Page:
Buyers are fickle. Little things can set your company apart from competitors. If you're actively engaged in a constant conversation with your customers (i.e. through blogging and other social media) , chances are pretty good that you'll form a tie with them that will be hard to break.
Geoff sums this point up pretty strongly by giving us a peek into his motivation for purchasing a new computer. He says that while Macs are cool and HPs are competitive, it's important to support a company that places significance in fostering a conversation with the people that matter: customers.
Apple used to be good at this, but somewhere along the way, they lost the connection that they had with their customers in exchange for increased profits. Sam over at New Media Strategies' blog talks about "Passionistas" -- essentially evangelists focused on a passion instead of a particular brand. Apple's core client base was comprised either by evangelists or this different group of passionistas. The amount of buzz that was generated from their iPhone announcement (and really, every recent product announcement) was/is staggering. These groups have the ability to drive the buzz positively or negatively, as seen by the recent turmoil Apple's been experiencing online. Hundreds (if not thousands) of blogs, online columns, etc have discussed Apple's need to compensate their early adopters for the $200 price drop as well as the "Brick-gate" - Apple's bricking of iPhones with the new firmware update. Apple has customers who are openly discussing the company's successes and failures, but no one in Cupertino is listening.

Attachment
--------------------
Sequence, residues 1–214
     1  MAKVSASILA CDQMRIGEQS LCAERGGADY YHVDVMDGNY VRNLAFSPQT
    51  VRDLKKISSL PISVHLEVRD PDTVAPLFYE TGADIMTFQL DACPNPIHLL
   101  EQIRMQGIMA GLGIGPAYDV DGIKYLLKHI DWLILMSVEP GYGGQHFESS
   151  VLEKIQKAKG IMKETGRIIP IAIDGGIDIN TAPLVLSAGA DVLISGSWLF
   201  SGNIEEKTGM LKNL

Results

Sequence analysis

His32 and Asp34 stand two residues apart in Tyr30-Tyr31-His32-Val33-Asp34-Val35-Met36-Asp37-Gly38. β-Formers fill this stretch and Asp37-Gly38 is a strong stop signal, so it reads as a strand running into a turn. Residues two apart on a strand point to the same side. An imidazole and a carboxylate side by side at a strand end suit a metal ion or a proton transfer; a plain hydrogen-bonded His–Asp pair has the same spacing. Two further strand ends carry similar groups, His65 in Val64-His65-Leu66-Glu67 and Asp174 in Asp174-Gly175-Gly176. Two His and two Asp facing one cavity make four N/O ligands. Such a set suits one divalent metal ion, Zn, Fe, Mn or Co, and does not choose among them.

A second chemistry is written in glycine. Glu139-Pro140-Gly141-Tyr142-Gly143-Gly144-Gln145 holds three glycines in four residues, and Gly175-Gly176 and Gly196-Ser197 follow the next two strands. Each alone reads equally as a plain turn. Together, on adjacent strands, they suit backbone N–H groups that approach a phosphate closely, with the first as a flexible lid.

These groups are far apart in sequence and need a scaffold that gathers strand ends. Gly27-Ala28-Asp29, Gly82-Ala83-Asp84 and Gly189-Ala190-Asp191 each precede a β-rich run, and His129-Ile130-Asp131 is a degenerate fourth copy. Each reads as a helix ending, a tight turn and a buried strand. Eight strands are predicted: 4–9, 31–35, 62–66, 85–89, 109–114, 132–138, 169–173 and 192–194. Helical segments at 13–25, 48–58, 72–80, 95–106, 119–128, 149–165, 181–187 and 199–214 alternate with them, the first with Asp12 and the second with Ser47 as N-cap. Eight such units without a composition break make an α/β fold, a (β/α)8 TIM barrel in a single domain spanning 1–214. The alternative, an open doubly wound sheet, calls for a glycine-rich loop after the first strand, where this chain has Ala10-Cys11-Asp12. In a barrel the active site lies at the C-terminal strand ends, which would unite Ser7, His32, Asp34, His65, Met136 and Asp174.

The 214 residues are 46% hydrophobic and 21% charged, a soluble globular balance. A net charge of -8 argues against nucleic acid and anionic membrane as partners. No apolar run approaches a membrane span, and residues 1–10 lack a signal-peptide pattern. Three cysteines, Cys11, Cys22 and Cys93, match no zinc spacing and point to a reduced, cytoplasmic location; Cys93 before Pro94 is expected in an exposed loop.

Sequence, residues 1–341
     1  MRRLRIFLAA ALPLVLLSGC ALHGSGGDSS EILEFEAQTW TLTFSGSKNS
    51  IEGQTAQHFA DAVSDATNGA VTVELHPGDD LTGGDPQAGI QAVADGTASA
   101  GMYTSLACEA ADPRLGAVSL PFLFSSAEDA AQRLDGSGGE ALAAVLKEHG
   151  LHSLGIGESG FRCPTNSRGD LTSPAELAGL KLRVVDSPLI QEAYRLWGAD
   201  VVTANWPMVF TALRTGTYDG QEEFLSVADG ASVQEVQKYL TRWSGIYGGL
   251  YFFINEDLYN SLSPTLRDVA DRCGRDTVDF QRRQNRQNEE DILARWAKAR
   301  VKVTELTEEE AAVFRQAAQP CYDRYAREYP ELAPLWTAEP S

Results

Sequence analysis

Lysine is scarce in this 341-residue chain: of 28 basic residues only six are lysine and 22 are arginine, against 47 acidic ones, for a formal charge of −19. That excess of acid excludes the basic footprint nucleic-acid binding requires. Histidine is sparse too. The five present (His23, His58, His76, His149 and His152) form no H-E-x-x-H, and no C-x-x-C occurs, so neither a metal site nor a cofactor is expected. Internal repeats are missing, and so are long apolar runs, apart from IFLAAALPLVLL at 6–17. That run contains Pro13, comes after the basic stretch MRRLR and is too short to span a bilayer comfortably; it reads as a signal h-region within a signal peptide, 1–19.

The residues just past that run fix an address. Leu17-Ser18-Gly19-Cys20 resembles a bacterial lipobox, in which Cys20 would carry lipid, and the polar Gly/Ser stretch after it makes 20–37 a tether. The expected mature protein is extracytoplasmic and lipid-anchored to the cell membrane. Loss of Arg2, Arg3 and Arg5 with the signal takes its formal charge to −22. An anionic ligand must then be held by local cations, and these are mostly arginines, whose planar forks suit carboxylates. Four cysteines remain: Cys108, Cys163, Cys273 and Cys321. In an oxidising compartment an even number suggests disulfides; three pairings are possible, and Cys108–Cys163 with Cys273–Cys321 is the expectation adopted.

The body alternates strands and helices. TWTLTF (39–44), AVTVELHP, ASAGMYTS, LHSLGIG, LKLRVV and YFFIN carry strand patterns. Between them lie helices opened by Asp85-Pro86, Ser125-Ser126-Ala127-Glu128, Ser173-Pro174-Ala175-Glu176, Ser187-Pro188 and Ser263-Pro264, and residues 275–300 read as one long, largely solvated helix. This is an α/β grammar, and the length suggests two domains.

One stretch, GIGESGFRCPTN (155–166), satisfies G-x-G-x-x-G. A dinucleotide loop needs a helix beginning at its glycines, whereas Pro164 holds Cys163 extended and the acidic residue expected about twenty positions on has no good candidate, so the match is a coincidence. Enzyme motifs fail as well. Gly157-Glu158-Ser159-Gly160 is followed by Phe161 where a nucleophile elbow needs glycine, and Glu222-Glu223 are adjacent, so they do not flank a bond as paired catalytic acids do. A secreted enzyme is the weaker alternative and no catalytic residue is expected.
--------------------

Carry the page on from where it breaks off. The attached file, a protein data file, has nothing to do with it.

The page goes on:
Participating in an open conversation with customers is important to a company's continued success, but if you're not willing to listen to what they have to say, you're not doing yourself any favors.